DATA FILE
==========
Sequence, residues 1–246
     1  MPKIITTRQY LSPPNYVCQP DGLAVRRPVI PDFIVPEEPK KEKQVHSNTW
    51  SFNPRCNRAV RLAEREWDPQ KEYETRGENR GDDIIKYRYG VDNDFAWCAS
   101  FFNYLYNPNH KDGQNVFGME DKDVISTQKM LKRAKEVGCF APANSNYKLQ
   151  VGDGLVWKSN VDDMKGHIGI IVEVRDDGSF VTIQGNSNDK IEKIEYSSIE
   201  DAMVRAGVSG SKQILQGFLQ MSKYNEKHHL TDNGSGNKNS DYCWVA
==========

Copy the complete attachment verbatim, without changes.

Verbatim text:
Sequence, residues 1–246
     1  MPKIITTRQY LSPPNYVCQP DGLAVRRPVI PDFIVPEEPK KEKQVHSNTW
    51  SFNPRCNRAV RLAEREWDPQ KEYETRGENR GDDIIKYRYG VDNDFAWCAS
   101  FFNYLYNPNH KDGQNVFGME DKDVISTQKM LKRAKEVGCF APANSNYKLQ
   151  VGDGLVWKSN VDDMKGHIGI IVEVRDDGSF VTIQGNSNDK IEKIEYSSIE
   201  DAMVRAGVSG SKQILQGFLQ MSKYNEKHHL TDNGSGNKNS DYCWVA